Nursing Care Plans for Pain (Chronic/Acute)

Nursing Care Plans for pain can be used for patients having unpleasant sensory and emotional experience arising from actual or potential tissue damage or described in terms of such damage (International Association for the Study of Pain).

Pain is a highly subjective state in which a variety of unpleasant sensations and a wide range of distressing factors may be experienced by the sufferer. Pain may be a symptom of injury or illness. Pain may also arise from emotional, psychological, cultural, or spiritual distress. Pain can be very difficult to explain, because it is unique to the individual; pain should be accepted as described by the sufferer. Pain assessment can be challenging, especially in elderly patients, where cognitive impairment and sensory-perceptual deficits are more common.

*Acute pain – duration of less than 6 months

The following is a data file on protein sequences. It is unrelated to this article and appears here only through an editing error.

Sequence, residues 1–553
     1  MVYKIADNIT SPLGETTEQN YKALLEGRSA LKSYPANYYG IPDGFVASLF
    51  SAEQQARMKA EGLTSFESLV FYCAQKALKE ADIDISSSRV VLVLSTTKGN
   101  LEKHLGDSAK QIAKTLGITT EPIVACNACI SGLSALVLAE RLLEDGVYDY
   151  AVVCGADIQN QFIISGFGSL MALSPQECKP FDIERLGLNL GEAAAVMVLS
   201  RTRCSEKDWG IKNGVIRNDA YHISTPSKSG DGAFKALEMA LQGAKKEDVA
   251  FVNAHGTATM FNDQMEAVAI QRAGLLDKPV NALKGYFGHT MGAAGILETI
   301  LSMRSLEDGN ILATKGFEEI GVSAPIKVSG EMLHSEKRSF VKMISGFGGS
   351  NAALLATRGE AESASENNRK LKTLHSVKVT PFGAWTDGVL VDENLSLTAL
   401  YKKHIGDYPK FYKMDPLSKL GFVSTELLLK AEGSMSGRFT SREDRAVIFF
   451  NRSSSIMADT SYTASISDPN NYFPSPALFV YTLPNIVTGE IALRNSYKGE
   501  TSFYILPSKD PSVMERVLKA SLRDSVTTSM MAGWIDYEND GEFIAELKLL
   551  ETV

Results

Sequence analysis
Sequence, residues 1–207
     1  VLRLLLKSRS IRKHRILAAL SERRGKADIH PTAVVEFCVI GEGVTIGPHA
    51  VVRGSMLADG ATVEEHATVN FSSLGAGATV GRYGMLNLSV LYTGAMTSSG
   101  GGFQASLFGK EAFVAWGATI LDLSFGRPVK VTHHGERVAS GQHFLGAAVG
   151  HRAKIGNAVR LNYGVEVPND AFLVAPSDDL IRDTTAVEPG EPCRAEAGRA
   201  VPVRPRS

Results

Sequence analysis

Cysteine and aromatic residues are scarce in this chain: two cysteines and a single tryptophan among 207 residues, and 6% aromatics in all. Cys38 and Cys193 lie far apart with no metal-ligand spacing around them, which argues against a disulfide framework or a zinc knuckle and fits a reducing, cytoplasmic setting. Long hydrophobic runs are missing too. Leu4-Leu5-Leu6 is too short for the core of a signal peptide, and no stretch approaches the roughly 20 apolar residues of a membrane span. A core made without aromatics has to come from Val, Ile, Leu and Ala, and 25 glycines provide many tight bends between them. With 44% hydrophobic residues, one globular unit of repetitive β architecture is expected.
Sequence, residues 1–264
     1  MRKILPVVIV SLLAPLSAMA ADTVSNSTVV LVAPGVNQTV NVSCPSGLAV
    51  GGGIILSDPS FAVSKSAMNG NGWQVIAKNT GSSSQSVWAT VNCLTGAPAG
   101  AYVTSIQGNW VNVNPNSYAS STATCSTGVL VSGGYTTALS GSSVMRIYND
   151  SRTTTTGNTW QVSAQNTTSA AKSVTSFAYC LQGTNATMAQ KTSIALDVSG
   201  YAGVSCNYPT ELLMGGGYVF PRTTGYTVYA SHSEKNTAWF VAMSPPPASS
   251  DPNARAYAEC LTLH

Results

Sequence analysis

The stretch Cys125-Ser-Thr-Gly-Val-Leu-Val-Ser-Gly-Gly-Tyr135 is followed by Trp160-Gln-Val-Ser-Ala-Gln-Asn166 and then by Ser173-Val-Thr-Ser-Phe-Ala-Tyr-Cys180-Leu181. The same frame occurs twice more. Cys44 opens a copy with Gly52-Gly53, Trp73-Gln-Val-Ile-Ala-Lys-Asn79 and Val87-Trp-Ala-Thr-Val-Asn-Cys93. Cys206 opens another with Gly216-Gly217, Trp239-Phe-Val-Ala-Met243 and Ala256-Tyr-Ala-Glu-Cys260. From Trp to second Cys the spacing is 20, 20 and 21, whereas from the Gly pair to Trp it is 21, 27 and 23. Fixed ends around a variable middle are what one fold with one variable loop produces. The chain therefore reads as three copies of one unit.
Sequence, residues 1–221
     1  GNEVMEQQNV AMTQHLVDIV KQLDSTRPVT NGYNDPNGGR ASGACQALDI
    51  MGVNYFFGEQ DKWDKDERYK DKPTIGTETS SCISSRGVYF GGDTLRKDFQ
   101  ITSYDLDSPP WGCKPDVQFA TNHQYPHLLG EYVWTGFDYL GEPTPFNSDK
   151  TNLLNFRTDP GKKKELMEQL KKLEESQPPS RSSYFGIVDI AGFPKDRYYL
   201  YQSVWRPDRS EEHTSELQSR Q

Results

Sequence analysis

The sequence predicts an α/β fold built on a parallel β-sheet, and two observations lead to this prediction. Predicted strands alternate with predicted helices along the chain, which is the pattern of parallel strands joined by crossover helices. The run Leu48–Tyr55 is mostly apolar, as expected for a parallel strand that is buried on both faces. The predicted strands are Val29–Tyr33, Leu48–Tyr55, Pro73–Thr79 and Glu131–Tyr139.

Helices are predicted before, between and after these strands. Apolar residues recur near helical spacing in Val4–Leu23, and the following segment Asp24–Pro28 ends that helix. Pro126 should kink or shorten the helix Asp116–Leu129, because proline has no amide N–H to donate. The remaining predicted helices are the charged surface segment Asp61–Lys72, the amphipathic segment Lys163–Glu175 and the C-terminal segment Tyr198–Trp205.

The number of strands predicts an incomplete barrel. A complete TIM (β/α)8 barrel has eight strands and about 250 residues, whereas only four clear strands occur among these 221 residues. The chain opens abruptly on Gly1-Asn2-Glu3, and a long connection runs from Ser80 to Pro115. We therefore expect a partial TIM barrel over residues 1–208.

*Chronic pain – duration of greater than 6 months



  • Musculoskeletal disorder
  • Trauma
  • Pressure points
  • Emotional, psychological, spiritual or cultural distress
  • Cardiovascular pain
  • Diagnostic test or medical treatments
  • Pregnancy
  • Postoperative pain
  • Immobility/improper positioning
  • Anxiety/stress


  • Physical or psychological disability



  • Patient reports or demonstrates discomfort. (Pain Score)
  • Autonomic response to acute pain: (e.g., diaphoresis, change in BP, P, R, pupillary dilatation, pallor, nausea)
  • Narrowed focus (e.g., altered time perception, withdrawal from social or physical contact)
  • Facial mask of pain
  • Guarding behavior, protecting body part
  • Relief or distraction behavior (e.g., moaning, crying, pacing, restlessness, seeking out other people or activities)


  • Weight changes
  • Atrophy of involved muscle group
  • Fear of re-injury
  • Reduced interaction of people
  • Altered ability to continue previous activities
  • Sympathetic mediated responses (e.g., temp., cold, changes of body position, hypersensitivity)
  • Verbal or observed evidence of protective behavior, guarding behavior, facial mask, irritability, self-focusing, restlessness, depression


  • Patient verbalizes adequate relief of pain or ability to cope with incompletely relieved pain.



  • Assess characteristics of pain: location, severity on a scale of 1 – 10, type, frequency, precipitating factors, and relief factors using the pain assessment form.